As well as recording numerous albums of her own, Yates has toured with Van Morrison and featured on numerous TV shows including those hosted by Cilla Black, Cliff Richard, Kenny Everett and even Monty Python's Flying Circus and The Goodies.
Yates was only five years old when she made her first public appearance at her local marae at Pukepoto in Northland. Her first taste of success came a year later when she won a talent contest singing traditional folk songs ‘Lavender Blue’ and ‘Mary Rose’ at the Kaitaia A&P Hall.
When watching her mother Lillian Yates “put on a beautiful gown and play with her jazz band The Dixielanders on weekends” she somehow knew singing would be a major part of her life.
Her talent was quickly recognised by others and she was asked to sing as support act for The Everly Brothers at the Auckland Town Hall.
Yates' friends at University of Auckland encouraged her talent, urging her to get up and perform one night. Her first professional gigs were at The Tijuana Nightclub in Wellesley Street in 1961, performing with Sonny Day and The Sundowners and Cook Island singing sensation Freddy Tira.
Her talent was quickly recognised by others and she was asked to sing as support act for The Everly Brothers at the Auckland Town Hall the same year.
That year she was also asked to join the Claude Papesch band. Alongside Papesch, the blind keyboardist (formerly of Johnny Devlin’s band The Devils), were Kim Paterson on trumpet, Tony Hopkins on drums (also from Johnny Devlin’s band), Andy Brown on bass, visiting Australian saxophonist Bernie McGann and “three beautiful blind girl singers”.
Yates says that was a “great year of learning from the best” leading to work with keyboard player Dave MacRae and his band at Phil Warren’s The Montemarte club and the Mike Perjanik Band for a residency at The Shiralee club.
Then came an invitation to open the Tahiti cabaret in Noumea for entrepreneur Gilbert Tong. Yates, having majored in French, saw this as an ideal opportunity to improve her language and musical skills.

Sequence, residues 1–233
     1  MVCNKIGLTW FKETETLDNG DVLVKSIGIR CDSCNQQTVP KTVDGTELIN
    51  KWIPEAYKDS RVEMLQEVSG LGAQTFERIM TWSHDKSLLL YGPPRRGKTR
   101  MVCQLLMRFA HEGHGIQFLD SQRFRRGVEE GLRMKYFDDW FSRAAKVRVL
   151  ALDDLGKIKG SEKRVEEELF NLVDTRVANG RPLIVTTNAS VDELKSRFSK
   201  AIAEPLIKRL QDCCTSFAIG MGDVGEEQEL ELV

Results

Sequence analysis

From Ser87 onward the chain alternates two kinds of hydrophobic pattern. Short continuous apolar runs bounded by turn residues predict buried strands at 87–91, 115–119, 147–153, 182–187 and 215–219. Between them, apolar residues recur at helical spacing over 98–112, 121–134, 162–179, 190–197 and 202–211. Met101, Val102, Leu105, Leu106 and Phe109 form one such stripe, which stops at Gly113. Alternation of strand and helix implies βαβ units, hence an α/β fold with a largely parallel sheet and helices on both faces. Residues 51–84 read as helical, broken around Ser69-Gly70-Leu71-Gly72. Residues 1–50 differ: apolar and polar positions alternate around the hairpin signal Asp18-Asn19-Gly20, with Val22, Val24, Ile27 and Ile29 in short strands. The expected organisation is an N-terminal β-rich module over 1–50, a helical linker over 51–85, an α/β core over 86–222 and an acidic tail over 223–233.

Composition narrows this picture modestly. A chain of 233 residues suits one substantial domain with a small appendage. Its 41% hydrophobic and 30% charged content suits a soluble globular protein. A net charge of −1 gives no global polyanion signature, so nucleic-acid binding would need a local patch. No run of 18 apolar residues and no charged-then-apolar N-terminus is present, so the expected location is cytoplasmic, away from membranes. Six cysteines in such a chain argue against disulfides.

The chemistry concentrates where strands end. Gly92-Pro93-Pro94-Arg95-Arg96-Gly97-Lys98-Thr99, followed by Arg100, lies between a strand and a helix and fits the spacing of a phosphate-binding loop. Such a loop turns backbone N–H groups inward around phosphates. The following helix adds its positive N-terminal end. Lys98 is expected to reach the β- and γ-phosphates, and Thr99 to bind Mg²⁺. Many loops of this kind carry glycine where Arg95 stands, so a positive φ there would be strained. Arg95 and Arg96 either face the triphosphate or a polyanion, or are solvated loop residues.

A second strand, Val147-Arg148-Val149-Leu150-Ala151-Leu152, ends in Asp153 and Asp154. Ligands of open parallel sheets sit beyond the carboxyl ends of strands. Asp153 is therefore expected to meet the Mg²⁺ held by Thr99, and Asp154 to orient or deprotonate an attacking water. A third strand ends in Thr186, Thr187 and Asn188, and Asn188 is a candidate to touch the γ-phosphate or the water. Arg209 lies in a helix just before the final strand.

Her feature performances so impressed the club owners her contract was extended from three months to a year working alongside other New Zealand musicians.
Then came an invitation to join The Quin Tikis Māori showband, which was enjoying great success in Australia.
After three months she decided to go solo. What followed was four years of gigging, starting with the opening of Melbourne’s new Playboy Club and appearances at other clubs and on national TV, studio work and an unexpected backing vocal offer from Dusty Springfield for three weeks at The Chevron Hilton’s Silver Spade room.
This work with bandleader Bob Barnard, she says, was immensely educational, especially “the harrowing experience” of touring Australian and US bases for the Australian Broadcasting Corporation (ABC) in Vietnam in the height of the war.
Needing time out after this she accepted a cruise to the United States with The Dave MacRae Trio.
In the USA Yates was quickly embraced as an integral part of the scene. Based on the recommendation of her newfound mentor, conductor, arranger and composer Russell Garcia, she was recruited to join a Los Angeles vocal group that was being groomed for studio and touring work in the style of The 5th Dimension.